Insurable Interest

What is an 'Insurable Interest'

An insurable interest is an economic stake in an event for which an insurance policy is purchased to mitigate risk of loss. An insurable interest is a basic requirement for an insurance company to issue a policy. Entities not subject to financial loss from an event do not have an insurable interest and cannot purchase an insurance policy to cover that event. Insurable interest is what makes an insurance contract legal and valid, and protects against intentionally harmful acts.

BREAKING DOWN 'Insurable Interest'

Jane can purchase homeowners insurance for the house she owns because she would suffer a major financial loss if her home were destroyed by a fire. She has an insurable interest in the property; an insurance policy will protect her against a loss that she cannot afford to – or does not want to – bear.

Jane cannot purchase homeowners insurance for her neighbor’s house. She does not have an insurable interest in that property because she does not own it. If the neighbor’s house burns down, and the fire does not harm Jane’s property, Jane has not suffered any insurable loss. If Jane were able to purchase homeowners insurance for her neighbor’s house, it would be in her best interest to burn down the house and collect the insurance proceeds, whereas it would not be in Jane’s best interest to burn down her own home.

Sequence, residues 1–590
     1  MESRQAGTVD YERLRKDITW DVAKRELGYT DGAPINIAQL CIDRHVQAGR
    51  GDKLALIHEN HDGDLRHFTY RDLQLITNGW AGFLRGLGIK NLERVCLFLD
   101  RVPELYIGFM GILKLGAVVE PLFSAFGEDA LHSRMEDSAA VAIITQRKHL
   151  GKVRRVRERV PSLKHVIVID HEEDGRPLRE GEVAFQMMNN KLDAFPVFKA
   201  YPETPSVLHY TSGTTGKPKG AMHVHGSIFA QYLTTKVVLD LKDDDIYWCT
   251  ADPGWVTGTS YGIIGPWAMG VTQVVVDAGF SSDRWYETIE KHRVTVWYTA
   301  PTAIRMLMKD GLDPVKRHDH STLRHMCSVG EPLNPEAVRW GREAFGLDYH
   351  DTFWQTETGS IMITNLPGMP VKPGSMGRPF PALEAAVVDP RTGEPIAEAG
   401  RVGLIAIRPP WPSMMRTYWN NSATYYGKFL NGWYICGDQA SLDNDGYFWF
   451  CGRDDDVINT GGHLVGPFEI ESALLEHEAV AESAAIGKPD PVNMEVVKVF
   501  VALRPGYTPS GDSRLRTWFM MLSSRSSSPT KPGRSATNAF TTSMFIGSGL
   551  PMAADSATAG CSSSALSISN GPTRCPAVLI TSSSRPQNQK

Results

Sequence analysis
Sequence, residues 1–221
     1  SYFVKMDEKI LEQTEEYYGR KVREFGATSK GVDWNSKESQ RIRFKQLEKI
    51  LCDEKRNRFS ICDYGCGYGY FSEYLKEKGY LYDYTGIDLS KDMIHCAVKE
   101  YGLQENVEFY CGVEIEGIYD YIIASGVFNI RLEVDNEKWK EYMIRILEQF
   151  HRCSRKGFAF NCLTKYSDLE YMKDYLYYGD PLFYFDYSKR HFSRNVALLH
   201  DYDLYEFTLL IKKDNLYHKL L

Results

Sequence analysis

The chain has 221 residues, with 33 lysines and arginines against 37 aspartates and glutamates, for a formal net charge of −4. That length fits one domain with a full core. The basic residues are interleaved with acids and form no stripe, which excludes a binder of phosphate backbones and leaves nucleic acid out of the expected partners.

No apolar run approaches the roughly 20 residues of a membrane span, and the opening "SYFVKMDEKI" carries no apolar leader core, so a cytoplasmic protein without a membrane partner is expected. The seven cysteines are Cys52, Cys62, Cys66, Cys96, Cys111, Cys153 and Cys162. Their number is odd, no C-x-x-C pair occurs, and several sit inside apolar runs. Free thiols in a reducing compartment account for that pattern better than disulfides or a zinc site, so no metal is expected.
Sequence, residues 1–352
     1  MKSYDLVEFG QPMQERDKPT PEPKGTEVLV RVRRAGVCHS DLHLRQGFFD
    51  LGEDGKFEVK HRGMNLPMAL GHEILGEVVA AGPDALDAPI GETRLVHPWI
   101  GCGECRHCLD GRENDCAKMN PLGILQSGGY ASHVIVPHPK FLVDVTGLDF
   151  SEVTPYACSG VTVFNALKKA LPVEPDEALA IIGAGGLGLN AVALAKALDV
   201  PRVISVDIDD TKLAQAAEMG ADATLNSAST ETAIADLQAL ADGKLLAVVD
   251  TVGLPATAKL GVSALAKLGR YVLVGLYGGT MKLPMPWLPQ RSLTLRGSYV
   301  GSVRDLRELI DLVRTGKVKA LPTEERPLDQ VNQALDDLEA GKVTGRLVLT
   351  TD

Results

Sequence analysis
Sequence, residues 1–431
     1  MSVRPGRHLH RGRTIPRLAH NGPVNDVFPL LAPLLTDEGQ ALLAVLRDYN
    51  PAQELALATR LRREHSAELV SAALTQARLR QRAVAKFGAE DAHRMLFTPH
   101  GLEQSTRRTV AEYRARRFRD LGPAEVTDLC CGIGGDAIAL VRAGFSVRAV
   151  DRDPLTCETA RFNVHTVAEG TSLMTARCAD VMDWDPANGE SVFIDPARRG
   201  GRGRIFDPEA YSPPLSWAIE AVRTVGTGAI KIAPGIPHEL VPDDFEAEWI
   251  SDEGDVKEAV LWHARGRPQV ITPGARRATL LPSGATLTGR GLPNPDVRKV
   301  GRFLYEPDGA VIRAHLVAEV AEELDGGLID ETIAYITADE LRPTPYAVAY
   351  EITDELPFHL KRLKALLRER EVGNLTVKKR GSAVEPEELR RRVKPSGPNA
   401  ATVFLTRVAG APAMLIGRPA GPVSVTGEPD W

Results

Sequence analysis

In addition, if Jane sells her house and it burns down the day after she transfers ownership – but before she has a chance to cancel her homeowners insurance policy – she will not be able to file a claim because she no longer has an insurable interest in the property. It is the new owner, not Jane, who suffers the financial loss from the fire.

RELATED TERMS
  1. Personal Lines Insurance

    Property and casualty insurance products for individuals that ...
  2. Cover Note

    A temporary document issued by an insurance company that provides ...
  3. Insurance Industry ETF

    A sector-following fund that invests primarily in insurance companies, ...
  4. As Their Interests May Appear (ATIMA)

    Text in an insurance policy that allows other parties to be added ...
  5. Insurance Proceeds

    The benefit proceeds paid out by any type of insurance policy ...
  6. Transfer Of Risk

    The underlying tenet behind insurance transactions. The purpose ...
Related Articles
  1. Home & Auto

    Intro To Insurance: Fundamentals Of Insurance

    By Cathy ParetoHow does insurance work? Insurance works by pooling risk.What does this mean? It simply means that a large group of people who want to insure against a particular loss pay their ...
  2. Insurance

    Explaining Insurance

    Insurance is a form of contract between an individual and an insurance company that spreads risk in exchange for premium payments.
  3. Insurance

    Understanding Your Insurance Contract

    Learn how to read one of the most important documents you own.
  4. Investing Basics

    The Industry Handbook: The Insurance Industry

    As a result of globalization, deregulation and terrorist attacks, the insurance industry has gone through a tremendous transformation over the past decade. In the simplest terms, insurance of ...
  5. Home & Auto

    Bundle Your Insurance For Big Savings